Even with normal or above-average rainfall years, changes in the earth’s surface present another complication. Massive wildfires, such as those we have seen in the Sierra Nevada and the Rocky Mountains in recent years, cause different changes in the way snow melts and water, including rain, runs out of the landscape. Loss of forest cover due to fires can lead to higher wind speeds and temperatures, which increase evaporation and decrease the amount of snow water that reaches the reservoirs.

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Similar to prolonged drought, fire also alters soil properties and can create sudden flooding during periods of heavy rainfall. These changes in the landscape, the precipitation patterns of partying or starvation, and the increasing demand for water supply make water management in the West a precarious and difficult task.

One of the most important tools for managing water during periods of drought are the models developed by various state and federal agencies such as the Office of Hydrological Development of the National Meteorological Service, the Army Corps of Engineers and the Department of California Water Resources. However, these models suffer from the same simplistic view of drought and water, and need urgent updating.

Land surfaces, snowmelt patterns, and climate have changed since many of these models were developed, which means that crucial pieces of the current water puzzle are missing. What has prevented model upgrades for decades is the reduction in funding for science and engineering.

Models may not be able to reliably tell water managers how much rain and snow will escape from land to reservoirs, which can mean severe shortages at worst. Given the reduction in reservoir levels and the meager mantles of snow in recent years, discrepancies between the amount of water expected and the amount of water that could arrive could mean the difference between having water on taps and dry whole villages.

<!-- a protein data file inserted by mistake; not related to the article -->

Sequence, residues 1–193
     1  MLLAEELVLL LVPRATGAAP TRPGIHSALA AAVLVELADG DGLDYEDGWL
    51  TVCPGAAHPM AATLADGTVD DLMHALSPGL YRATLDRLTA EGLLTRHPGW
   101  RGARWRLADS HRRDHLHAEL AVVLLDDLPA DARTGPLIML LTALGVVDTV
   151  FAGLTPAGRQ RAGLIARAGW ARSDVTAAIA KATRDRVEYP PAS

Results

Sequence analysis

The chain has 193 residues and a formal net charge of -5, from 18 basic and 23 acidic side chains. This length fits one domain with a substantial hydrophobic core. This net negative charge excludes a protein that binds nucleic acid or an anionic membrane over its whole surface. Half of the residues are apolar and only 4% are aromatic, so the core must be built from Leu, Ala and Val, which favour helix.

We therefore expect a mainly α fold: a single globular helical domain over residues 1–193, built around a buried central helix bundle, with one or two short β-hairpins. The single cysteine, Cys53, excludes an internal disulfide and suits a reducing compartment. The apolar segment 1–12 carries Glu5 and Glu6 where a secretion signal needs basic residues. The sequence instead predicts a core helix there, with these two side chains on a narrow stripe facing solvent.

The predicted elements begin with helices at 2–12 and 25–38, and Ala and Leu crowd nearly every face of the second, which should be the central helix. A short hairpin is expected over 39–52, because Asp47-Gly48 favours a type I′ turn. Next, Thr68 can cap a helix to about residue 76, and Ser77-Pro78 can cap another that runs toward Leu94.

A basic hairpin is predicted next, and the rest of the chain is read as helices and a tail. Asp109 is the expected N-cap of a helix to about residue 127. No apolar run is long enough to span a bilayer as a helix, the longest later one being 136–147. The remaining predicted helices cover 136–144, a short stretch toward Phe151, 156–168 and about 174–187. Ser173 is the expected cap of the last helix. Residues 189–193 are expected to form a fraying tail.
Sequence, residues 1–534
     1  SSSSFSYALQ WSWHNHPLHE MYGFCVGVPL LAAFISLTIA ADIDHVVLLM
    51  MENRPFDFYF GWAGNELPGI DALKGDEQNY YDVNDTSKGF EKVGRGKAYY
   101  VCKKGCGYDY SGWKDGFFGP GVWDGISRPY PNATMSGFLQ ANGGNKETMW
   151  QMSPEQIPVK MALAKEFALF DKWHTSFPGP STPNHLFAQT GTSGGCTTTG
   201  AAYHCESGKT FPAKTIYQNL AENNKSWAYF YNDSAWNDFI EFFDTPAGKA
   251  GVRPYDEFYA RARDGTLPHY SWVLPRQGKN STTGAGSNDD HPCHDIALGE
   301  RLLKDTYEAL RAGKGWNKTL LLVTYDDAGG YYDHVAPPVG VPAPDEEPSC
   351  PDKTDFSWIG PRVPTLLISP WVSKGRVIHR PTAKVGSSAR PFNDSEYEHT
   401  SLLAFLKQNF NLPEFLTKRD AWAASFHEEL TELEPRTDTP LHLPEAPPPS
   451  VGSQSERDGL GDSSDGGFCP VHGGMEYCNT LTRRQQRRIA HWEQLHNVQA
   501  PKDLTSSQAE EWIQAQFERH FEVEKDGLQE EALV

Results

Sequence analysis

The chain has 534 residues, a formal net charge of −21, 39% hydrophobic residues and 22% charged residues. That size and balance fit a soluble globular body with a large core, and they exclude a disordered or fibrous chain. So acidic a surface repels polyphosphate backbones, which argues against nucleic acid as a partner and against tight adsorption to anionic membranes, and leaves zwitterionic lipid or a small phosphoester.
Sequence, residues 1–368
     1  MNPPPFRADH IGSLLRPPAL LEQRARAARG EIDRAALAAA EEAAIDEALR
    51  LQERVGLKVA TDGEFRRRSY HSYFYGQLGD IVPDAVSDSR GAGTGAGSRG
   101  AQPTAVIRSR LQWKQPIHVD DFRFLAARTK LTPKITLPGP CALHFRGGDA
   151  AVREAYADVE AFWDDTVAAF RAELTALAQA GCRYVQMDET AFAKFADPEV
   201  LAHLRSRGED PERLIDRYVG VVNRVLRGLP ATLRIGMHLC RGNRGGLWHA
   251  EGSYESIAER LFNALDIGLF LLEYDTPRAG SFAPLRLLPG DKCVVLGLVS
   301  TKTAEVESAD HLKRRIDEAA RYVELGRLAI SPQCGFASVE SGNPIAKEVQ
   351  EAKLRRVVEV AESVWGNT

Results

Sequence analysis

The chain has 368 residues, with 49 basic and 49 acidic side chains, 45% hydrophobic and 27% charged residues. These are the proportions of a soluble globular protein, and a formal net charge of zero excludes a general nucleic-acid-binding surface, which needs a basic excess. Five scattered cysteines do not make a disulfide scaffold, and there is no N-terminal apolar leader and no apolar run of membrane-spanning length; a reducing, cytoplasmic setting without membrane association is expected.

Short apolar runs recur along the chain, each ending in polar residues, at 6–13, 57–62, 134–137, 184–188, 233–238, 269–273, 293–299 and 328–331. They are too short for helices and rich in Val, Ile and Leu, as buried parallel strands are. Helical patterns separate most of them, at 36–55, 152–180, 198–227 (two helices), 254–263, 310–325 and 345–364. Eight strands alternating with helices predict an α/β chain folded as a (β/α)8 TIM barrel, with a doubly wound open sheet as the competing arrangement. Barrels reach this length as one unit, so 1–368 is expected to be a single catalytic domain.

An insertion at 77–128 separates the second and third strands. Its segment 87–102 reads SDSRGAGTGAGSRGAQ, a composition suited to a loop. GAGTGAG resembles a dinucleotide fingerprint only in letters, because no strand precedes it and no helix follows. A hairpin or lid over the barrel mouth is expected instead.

We are looking down the barrel of a gun loaded with our water resources in the West. Instead of investing in body armor, we have hoped that the trigger will not be taken. Current water monitoring and modeling strategies are not enough to support the growing number of people who need water. I am concerned about the coming week, month and year and the new challenges we will inevitably face as climate change continues and water becomes more unpredictable.

It is time for policy makers to invest in updating our water models instead of maintaining the status quo and waiting for the best. Large-scale investment in the agencies that maintain and develop these models is critical to preparing for the future of water in the West.

The best water models ultimately require more careful water management, and this will lead to greater water security and availability for the millions of people who now depend on changing water supply. It is an investment in our future and, in addition, an investment in our continued ability to inhabit the water-scarce western regions. It’s the only way to make sure we’re ready when we pull the trigger.

Dr. Schwartz is the Chief Scientist and Director of the University of California, Berkeley Station, Central Sierra Snow Lab.